The Grounds of Affirmative Action
On what grounds is affirmative action permissible? The apex courts of two of the world’s largest democracies have recently answered this question in seemingly diametrically opposite ways. In the case of India, the Supreme Court expanded the list of grounds of affirmative action to include economic criteria, but to the exclusion of caste. In the case of the United States, the Supreme Court retracted its support for race-based affirmative action. Despite what may seem like contradictory positions, both courts aligned in undoing the traditional understanding of affirmative action as redressing discrimination. They did so by drawing an artificial wedge between discrimination and disadvantage such that discrimination was defined exclusively in terms of social status and construed as divorced from its economic and political implications. The article shows that this was the result of the courts’ fundamental misunderstanding of race and caste as grounds. This misunderstanding contributed to annihilating the very edifice of grounds on which discrimination law is mounted. The article argues that better appreciation of grounds as ‘intersectional multivalent collectivities’ can help both redress disadvantage associated with grounds and wither away the statuses which form the basis of discrimination on those grounds.

Speaker details: Shreya Atrey is an Associate Professor in International Human Rights Law at the Faculty of Law, University of Oxford, and is based at the Bonavero Institute of Human Rights. She is an associate member of the Oxford Human Rights Hub, an Official Fellow and Racial Justice and Equality Fellow at Kellogg College, and a Senior Teaching Fellow at New College. Shreya is the Editor of the Human Rights Law Review (OUP). Previously, she was based at the University of Bristol Law School and has been a Max Weber Fellow at the European University Institute, Florence, and a Hauser Postdoctoral Global Fellow at the NYU School of Law, New York. She completed BCL with distinction and DPhil in Law on the Rhodes Scholarship from Magdalen College, University of Oxford.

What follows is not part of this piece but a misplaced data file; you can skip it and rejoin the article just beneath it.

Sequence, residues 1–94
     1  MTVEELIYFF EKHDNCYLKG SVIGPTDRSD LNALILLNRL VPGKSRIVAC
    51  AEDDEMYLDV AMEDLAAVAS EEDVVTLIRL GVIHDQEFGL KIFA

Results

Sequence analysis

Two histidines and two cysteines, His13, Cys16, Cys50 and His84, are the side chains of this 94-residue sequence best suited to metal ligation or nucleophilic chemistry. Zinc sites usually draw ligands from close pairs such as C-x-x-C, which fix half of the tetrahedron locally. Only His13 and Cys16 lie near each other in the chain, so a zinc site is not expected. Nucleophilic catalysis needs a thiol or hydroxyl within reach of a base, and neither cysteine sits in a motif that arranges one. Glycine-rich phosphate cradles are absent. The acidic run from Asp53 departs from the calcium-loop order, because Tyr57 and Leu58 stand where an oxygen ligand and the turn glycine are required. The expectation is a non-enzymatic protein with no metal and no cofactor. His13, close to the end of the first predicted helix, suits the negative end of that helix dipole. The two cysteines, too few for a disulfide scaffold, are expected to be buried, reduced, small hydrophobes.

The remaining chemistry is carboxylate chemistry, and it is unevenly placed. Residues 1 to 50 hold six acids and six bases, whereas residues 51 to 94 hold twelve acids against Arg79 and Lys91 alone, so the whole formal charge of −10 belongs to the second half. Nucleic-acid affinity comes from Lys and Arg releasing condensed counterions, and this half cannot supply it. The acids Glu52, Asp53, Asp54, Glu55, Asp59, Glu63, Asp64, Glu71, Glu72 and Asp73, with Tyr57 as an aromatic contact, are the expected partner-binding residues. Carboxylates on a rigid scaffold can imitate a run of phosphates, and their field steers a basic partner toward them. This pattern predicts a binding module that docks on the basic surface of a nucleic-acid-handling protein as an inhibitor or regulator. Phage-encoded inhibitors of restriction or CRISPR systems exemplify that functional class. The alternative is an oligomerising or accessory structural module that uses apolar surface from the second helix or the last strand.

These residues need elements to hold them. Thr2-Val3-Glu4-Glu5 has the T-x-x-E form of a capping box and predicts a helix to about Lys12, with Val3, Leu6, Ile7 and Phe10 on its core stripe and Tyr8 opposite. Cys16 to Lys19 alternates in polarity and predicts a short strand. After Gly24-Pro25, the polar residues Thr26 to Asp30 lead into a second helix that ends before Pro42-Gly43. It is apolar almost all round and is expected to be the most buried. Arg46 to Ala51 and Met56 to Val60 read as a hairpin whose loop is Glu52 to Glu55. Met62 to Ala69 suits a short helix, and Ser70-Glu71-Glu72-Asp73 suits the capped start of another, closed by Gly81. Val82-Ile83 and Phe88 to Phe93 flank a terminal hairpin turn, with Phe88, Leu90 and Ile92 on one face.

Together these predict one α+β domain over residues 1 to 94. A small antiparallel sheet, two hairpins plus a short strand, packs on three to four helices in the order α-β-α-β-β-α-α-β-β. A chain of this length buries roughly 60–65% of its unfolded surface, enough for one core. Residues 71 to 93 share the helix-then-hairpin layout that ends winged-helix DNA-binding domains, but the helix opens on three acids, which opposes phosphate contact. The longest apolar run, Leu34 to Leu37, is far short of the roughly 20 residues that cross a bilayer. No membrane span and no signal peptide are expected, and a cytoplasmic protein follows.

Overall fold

Date: 25 October 2023, 11:00 (Wednesday, 3rd week, Michaelmas 2023)
Venue: Balliol College, Broad Street OX1 3BJ
Venue Details: Old Common Room
Speaker: Dr Shreya Atrey (Faculty of Law, Oxford)
Organiser: Tim Soutphommasane (University of Oxford)
Organiser contact email address:
Part of: Justice, Equality and Identity seminar
Booking required?: Not required
Audience: Members of the University only
Editor: Thinethavone Soutphommasane